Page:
Advice for the Aspiring Financial Services Agent

by Jacques Werth

I suggest that you join a medium-sized independent brokerage that has several agents who earn $200,000 or more in commissions.  Get a commitment that you will be able to observe their top earners one day a week, while they are prospecting and selling to their own clients.  Take notes on everything they say and do.  Then, do what they do.

Do not offer to reciprocate in any way.  That kind of mentoring is priceless, and most highly successful people enjoy doing it.  If you need help closing some of your prospects, it’s okay to split the commission when they do.

Your market should focus on executives and managers of large organizations that are most likely to have substantial disposable incomes and/or a high net worth.

There are thousands of expert agents and representatives for every financial product and service who cannot sell.  They will do all of the work for a small part of your commissions.  Your expertise should be focused on prospecting and selling.  However, in the beginning just offer life and disability insurance and mutual funds.

Most important – “interested” prospects seldom buy.  Spend your time with prospects that WANT what you offer them.

 

Advice for the Aspiring Financial Services Agent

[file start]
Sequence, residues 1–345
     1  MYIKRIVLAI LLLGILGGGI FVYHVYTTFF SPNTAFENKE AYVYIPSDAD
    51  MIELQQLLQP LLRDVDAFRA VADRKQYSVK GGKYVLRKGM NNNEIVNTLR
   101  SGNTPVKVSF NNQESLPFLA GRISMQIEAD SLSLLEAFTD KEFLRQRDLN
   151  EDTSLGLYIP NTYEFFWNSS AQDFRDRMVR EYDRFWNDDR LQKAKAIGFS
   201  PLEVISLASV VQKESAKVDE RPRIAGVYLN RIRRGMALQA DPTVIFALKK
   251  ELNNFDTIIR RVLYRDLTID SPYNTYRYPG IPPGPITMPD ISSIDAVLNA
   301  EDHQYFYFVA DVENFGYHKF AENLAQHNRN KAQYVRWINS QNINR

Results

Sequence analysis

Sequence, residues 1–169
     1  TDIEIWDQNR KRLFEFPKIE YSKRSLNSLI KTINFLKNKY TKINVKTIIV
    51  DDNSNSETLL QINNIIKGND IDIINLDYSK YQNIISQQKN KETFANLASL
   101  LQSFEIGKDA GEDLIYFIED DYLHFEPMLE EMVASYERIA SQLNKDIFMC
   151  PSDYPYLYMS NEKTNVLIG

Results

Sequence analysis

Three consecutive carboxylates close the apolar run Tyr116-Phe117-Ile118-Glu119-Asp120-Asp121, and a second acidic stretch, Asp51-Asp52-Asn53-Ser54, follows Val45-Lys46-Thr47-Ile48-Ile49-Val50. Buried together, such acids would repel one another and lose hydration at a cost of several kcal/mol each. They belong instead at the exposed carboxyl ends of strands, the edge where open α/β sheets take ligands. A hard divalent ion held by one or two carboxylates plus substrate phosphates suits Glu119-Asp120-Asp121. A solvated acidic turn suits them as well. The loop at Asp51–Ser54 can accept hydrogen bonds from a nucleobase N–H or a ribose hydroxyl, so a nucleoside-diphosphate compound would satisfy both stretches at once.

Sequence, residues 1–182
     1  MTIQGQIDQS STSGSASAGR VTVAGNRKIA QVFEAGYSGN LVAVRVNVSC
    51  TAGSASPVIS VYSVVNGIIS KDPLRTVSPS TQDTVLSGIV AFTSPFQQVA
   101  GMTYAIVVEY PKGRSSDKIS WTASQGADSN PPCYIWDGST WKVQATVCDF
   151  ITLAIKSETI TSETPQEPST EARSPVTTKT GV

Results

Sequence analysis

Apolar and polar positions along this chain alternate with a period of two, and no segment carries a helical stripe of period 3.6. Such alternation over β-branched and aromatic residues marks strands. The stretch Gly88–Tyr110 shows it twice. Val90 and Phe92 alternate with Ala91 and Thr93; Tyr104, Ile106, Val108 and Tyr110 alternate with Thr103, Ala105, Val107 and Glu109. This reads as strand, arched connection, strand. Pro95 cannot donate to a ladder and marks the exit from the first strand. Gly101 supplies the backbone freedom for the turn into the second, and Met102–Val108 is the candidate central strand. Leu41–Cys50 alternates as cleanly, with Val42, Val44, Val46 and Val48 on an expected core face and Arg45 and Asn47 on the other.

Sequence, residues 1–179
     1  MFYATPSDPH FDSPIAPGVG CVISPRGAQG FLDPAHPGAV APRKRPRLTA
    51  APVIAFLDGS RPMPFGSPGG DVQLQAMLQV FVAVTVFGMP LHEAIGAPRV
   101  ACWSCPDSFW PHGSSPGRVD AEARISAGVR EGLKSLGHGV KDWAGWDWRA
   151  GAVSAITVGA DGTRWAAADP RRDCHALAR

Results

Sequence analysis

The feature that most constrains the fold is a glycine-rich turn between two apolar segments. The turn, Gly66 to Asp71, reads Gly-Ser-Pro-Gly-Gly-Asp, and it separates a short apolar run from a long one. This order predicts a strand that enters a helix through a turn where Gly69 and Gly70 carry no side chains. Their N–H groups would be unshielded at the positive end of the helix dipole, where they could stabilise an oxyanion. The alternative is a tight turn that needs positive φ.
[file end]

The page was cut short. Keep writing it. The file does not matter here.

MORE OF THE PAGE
Persuasion is a Great Way to Sell If…

Another story from my observations of top producer selling methods…

Bill Silvers was the top producer for the largest textile manufacturer in North America. He was the second of hundreds of top salespeople that I observed working with prospects and customers. During the first sales visit that I went on with him, he was showing his company’s new seasonal textile samples to the owner of a dress manufacturing company. The owner said, “Bill, none of these samples are what we want for this spring’s line. We’re going in a different direction.”

Bill said, “Okay Manny. How about telling me about any changes you plan for your summer line?” They discussed that for the next fifteen minutes and then we left.

Walking to his car, I asked Bill why he didn’t try to persuade the customer that his samples would sell. He said, “Manny knows his business far better than I do. If I tried to persuade him, he would feel disrespected, resist my persuasion and he would resent me for trying. This way, I kept his respect and enhanced the probability of doing business with him in another few months.”

Persuasion is a great way to sell if you can find people who want to be persuaded to buy. But, think about how you would react when someone tried to persuade you to buy something you did not want. You would probably resist and resent them, too. That is why prospects who want to be persuaded are so rare that finding them is a real long shot.

If you really think you are a good persuader then you probably make appointments with people who are interested in your products and services. Interested people may seem to be in need of persuasion, though they seldom want to be persuaded and most of them resist. Salespeople who prospect and sell that way make loads of appointments. However, most of them don’t do much business.